This painting, by the French artist Antoine-Jean Gros, depicts General Napoleon Bonaparte during the Battle of Arcole, in 1796. Painted early in Napoleon’s career as a French soldier, it shows him as a revolutionary general, a dashing leader with long flowing hair. Just a few years later, in 1804, Napoleon would end the French Republic by declaring himself Emperor.

In the spring of 1796, Napoleon Bonaparte was a little-known junior general with some useful political connections but no obvious signs of military promise. A year later, his reputation as a commander would be known across Europe. The campaign that assured the future Emperor’s rise was his swift and devastating conquest of Northern Italy. Arcole, fought 15-17 September 1796, was a key battle in that campaign.

During the early stages of the campaign, the Armée d’Italie under Bonaparte’s command had knocked the kingdom of Piedmont out of the war. He had then defeated the main Austrian forces in northern Italy, leaving the survivors trapped in the fortress of Mantua. Arcole was fought as the French responded to General Alvinczi’s attempt to lead an army to the rescue of his countrymen. The Austrians were initially successful, until Bonaparte set upon a daring flank manoeuvre which was intended to restore the situation by cutting off Alvinczi’s line of retreat.

For this to work, the French needed to seize the crossing of the River Alpone at Arcole. However, the bridge was well defended and initial French attacks faltered. Hoping to inspire his men, Bonaparte seized a flag and led an attack in person. Remarkably, he remained unscathed despite a hail of bullets, but several of his staff were killed and the attack petered out. In reality, the French did not even make it onto the bridge itself, and Bonaparte was eventually dragged to the safety of a muddy ditch. It would take two more days of hard fighting before Arcole was captured.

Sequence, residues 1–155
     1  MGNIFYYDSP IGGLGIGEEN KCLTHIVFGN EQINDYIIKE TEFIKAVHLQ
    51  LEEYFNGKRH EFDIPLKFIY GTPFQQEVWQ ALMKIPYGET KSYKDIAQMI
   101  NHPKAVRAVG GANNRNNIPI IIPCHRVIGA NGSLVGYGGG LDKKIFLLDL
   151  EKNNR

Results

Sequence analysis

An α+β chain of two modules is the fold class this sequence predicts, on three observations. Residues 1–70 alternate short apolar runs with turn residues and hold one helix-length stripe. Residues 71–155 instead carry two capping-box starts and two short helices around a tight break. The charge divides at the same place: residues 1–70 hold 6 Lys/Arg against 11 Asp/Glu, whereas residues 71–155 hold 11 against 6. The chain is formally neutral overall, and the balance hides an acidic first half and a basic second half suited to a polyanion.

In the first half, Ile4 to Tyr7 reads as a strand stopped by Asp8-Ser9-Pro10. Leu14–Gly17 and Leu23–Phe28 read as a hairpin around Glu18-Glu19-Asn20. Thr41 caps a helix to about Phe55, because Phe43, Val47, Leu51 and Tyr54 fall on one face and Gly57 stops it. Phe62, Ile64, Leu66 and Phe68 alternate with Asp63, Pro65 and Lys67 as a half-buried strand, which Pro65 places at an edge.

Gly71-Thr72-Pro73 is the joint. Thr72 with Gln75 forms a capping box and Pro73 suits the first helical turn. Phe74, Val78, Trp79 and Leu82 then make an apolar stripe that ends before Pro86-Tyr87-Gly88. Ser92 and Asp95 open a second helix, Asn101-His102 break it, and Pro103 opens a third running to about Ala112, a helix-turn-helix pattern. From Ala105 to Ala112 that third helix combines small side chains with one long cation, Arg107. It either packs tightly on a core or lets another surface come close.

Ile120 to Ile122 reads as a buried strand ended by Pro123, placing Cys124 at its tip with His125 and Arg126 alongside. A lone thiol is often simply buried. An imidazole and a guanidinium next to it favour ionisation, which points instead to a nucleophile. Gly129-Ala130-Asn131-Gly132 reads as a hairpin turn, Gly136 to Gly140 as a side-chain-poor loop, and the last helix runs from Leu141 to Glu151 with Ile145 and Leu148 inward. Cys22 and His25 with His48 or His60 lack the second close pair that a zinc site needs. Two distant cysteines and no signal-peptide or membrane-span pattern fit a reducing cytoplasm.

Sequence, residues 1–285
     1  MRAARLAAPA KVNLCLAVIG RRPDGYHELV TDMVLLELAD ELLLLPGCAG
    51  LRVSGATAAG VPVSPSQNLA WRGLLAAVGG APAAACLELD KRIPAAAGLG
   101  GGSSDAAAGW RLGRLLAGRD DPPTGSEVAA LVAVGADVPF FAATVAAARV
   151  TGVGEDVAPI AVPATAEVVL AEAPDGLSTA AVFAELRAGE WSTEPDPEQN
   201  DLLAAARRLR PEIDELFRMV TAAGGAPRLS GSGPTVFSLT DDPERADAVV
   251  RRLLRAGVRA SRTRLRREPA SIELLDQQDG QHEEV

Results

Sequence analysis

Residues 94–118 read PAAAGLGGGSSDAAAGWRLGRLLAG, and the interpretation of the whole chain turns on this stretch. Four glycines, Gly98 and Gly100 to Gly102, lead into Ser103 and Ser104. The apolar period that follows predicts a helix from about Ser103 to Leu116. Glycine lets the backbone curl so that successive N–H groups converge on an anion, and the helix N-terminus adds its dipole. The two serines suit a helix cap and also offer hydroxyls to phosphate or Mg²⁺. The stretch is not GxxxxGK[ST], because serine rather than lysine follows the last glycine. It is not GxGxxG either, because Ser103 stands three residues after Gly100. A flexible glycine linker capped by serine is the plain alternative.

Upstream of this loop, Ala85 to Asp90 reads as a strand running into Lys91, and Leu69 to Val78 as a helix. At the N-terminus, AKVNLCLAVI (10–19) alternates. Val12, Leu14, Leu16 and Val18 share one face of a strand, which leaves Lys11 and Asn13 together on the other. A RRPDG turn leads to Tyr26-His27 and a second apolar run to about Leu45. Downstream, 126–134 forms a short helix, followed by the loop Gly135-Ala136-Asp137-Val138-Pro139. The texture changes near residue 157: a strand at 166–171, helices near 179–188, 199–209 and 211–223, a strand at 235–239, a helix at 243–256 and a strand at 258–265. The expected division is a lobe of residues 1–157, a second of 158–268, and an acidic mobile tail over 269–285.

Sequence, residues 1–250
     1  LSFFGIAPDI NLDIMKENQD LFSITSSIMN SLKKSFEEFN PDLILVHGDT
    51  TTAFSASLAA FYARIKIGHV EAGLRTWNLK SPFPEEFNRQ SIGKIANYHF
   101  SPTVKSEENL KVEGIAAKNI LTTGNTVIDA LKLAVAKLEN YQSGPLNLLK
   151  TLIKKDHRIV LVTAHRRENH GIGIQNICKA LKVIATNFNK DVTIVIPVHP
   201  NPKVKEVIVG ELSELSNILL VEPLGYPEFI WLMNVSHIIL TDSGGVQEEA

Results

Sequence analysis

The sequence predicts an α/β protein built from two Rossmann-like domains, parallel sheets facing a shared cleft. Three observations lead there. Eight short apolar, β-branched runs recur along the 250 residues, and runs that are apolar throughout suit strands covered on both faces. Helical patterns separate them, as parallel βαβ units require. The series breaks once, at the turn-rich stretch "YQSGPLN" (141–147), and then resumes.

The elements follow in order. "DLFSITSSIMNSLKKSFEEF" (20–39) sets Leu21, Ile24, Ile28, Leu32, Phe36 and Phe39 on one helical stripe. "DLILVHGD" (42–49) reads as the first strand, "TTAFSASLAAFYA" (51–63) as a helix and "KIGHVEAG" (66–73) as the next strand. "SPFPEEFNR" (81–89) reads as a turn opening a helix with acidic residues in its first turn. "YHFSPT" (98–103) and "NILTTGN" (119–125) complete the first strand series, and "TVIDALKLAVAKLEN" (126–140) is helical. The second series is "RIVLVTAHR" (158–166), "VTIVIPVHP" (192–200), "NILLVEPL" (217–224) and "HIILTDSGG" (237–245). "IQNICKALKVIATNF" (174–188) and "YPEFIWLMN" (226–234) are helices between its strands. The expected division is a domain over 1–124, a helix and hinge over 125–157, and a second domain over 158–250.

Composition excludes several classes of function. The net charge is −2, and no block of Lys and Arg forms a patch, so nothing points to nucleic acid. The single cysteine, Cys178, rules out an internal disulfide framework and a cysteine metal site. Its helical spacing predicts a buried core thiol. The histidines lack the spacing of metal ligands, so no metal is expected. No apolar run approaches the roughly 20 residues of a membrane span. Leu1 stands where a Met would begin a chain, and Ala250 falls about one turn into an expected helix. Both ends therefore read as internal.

The painting, on the other hand, shows Bonaparte clearly leading his men to victory. Perhaps to avoid having to overtly misrepresent the scene, the artist, Antoine-Jean Gros, has focussed on Bonaparte himself, who is here every inch the dynamic leader. Even now, though, the young general’s cold and steely gaze shows the same calculating nature that is more apparent in later depictions of him as Emperor. Since this is still Bonaparte the Republican hero, though, his men are not forgotten. Looking closely at his drawn sword, it can be seen that it is inscribed with the words “Armée d’Italie”. Thus Bonaparte is literally wielding a sword but that sword represents the real weapon wielded by a general – that is to say, the troops under his command.

In this campaign, Bonaparte had taken a collection of demoralised and dispirited regiments, and forged them into a single army who would follow him to victory. Within months, Mantua had fallen and Bonaparte, his reputation established, was leading his troops against Austria itself.

Find it here

This object is in the collection of Palace of Versailles